Kids and MP3 Players: A Dangerous Mix

Before you buy an MP3 player for your child, evaluate the risks and make sure your child can use it responsibly. Being able to take music anywhere is a lot of fun, but there are some real dangers associated with using MP3 players.

Hearing Loss
Headphone use is a leading cause of hearing loss in adults. Chances are your kids won't take this threat too seriously, but it's very real.

Headphones, especially earbud headphones, send sound waves bouncing around inside the ear canal. These sound waves overwhelm the cilia in our ears, tiny hairs that enable us to hear. Volume is the main culprit. MP3 players pump 100 decibels directly into the ear, which can cause permanent damage in as little as 15 minutes. Even at lower volumes, listening for hours each day can have a measurable impact on hearing.

To minimize the risks to hearing, follow these rules:

  1. Never listen to an MP3 player at top volume. Kids should limit the volume to 60% of the maximum. Some new MP3 players for kids have volume limits that are lower than those for iPods and other adult models. Kids can crank these models up without damaging their hearing.
  2. Limit MP3 player use. After an hour of listening, it's time for a break.
  3. Use different headphones. Over the ear headphones are a better choice than earbuds, because they're not emitting sound inside the ear canal. If you can afford them, consider getting noise-canceling headphones that don't need to be turned up as loud to be effective.

Distraction Dangers
If you give your child noise canceling headphones, or if your child insists on high-decibel listening, you've got to limit the places where the MP3 player is used. The risk of serious accidents rises greatly when kids are distracted. They may not hear car horns as they're crossing the street or verbal warnings from adults when they're entering a dangerous area.

Kids should only wear headphones while they're walking if they keep the volume down. MP3 players should never be used while running, bicycling or skateboarding, or in any other situation where awareness of what's happening is a must.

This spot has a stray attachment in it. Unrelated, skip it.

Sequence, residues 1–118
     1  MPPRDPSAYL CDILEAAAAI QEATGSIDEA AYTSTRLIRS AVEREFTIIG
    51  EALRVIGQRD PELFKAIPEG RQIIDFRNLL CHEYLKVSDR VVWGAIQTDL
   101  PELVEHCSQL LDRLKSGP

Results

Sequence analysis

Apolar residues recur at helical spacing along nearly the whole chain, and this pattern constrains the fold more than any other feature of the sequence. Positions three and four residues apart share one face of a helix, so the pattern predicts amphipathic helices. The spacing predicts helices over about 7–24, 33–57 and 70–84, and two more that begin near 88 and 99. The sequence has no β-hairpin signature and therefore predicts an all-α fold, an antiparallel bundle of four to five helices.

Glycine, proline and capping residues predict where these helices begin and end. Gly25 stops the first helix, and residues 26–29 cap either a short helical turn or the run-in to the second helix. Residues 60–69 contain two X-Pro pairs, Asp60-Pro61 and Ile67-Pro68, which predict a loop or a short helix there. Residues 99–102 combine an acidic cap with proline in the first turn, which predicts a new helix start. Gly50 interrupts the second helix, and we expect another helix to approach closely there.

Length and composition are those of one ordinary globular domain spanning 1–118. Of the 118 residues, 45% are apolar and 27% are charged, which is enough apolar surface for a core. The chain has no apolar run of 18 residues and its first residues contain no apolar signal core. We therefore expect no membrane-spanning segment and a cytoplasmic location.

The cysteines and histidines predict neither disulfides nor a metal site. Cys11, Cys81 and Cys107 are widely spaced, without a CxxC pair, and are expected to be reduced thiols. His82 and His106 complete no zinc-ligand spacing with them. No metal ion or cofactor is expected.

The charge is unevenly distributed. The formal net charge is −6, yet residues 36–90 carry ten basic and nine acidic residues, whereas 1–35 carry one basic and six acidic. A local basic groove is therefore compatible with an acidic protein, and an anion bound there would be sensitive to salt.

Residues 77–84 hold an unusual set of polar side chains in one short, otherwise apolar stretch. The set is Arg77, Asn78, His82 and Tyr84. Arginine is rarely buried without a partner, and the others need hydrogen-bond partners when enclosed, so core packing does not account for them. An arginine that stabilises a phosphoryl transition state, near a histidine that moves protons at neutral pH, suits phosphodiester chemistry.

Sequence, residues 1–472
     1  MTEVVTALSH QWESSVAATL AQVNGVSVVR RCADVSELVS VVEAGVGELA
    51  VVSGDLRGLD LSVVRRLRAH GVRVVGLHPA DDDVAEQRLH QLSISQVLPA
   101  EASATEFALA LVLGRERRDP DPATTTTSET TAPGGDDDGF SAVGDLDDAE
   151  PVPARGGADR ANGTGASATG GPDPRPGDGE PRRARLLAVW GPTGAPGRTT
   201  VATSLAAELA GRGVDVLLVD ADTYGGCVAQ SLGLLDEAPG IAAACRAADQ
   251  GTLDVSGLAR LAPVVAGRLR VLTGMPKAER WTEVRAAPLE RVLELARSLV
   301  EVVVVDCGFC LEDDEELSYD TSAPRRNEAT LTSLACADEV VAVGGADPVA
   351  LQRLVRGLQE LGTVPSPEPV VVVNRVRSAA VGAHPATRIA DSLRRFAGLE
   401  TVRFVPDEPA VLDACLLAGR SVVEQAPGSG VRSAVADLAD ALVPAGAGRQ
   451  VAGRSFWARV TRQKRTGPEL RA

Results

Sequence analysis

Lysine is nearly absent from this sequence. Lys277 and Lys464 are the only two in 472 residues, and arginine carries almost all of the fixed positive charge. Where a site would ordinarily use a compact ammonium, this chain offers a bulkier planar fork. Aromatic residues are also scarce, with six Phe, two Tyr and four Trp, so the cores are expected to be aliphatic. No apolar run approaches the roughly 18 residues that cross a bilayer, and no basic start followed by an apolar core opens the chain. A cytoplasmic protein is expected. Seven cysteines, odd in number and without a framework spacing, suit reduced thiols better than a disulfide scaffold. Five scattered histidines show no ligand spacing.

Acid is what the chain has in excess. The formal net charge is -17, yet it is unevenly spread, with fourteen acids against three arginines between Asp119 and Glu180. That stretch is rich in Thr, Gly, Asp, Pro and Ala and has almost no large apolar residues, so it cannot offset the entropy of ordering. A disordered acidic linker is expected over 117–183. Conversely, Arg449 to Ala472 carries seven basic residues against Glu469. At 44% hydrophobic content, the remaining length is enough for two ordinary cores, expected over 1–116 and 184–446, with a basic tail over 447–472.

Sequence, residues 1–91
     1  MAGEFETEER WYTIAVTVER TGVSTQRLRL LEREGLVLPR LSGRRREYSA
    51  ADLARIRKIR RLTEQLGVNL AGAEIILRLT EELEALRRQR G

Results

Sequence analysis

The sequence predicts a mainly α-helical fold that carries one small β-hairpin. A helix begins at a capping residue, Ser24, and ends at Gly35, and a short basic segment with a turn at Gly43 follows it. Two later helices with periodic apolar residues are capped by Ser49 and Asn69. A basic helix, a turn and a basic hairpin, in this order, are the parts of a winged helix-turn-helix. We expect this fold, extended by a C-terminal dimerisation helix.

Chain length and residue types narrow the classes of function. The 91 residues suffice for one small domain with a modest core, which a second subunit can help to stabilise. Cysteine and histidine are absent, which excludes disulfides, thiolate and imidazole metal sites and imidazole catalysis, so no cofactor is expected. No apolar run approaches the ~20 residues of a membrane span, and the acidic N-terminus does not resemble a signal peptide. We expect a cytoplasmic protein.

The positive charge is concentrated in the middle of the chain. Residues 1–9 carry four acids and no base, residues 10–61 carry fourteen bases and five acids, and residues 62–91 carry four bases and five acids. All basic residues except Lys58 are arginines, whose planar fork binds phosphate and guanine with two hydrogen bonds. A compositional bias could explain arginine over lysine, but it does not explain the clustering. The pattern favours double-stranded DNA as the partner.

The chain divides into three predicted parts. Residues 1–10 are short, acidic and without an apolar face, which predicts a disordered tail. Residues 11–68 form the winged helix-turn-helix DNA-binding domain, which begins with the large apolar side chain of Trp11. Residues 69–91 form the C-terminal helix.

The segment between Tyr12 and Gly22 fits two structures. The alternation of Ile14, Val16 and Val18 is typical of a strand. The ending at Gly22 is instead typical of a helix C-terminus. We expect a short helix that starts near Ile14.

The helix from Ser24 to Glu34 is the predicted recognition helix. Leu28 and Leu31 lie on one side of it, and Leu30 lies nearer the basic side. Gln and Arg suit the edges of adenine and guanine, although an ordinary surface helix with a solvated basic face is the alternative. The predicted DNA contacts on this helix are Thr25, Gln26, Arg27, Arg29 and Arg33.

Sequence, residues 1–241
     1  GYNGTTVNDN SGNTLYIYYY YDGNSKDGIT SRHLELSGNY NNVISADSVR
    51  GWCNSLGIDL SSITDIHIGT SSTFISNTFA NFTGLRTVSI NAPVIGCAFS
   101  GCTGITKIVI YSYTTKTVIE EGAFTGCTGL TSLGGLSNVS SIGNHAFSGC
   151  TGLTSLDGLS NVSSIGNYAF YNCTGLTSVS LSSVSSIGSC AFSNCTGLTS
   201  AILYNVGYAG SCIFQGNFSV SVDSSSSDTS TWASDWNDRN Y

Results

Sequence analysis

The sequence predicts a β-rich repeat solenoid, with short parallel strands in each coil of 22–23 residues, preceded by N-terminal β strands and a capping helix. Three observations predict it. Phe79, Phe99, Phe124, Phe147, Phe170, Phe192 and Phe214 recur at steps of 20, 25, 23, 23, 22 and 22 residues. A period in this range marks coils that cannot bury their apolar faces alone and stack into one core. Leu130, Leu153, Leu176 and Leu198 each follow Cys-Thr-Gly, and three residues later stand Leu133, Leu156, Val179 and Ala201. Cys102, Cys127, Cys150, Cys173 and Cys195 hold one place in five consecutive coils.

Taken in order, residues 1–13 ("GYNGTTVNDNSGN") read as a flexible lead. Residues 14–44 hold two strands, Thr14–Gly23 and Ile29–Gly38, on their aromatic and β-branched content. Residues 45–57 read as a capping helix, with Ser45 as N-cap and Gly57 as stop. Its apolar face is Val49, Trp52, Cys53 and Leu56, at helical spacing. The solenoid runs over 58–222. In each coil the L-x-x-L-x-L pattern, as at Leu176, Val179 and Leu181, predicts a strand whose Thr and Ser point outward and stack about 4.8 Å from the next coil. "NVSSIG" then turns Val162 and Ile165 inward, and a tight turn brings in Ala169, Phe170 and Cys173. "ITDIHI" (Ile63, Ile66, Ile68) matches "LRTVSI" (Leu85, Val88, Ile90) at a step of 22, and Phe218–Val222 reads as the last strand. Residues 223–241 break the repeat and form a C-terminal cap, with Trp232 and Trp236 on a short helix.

Computer Viruses
An MP3 player could easily undo the security system on your home computer. MP3 players are tiny hard drives. When they're plugged into a home computer, viruses can jump from the player to your computer, sometimes bypassing firewalls and antivirus programs.

To keep viruses out of your system, set rules with your child for downloading and sharing music. Only allow kids to download music from reputable, paid sites, such as or the iTunes Store. Don't let kids connect their MP3 players to other people's computers or share songs directly from one MP3 player to another.

MP3 players can be a kid's best friend, but only if they're handled with safety in mind.

Top Related Searches
Related Life123 Articles

Different types of MP3 players do a lot more than play music. If all you want is sound, you can find MP3 players that pack a lot of storage space at an attractive price.

If you've got a good set of MP3 speakers, you can use your MP3 player as your primary source of music. MP3 players were originally designed as an alternative to cassette-based portable stereos, with the main advantage being more music in less space, and no cassettes to carry around.

Frequently Asked Questions on
More Related Life123 Articles

Sport MP3 players handle the vibrations and the occasional dampness that comes with an active lifestyle.

Want to know how to unfreeze an iPod? Get your trusty device up and running again with a few easy tips.

How do mp3 players work? These players function in a way similar to a hard drive, in that the files are stored digitally and not on tape.

© 2015 Life123, Inc. All rights reserved. An IAC Company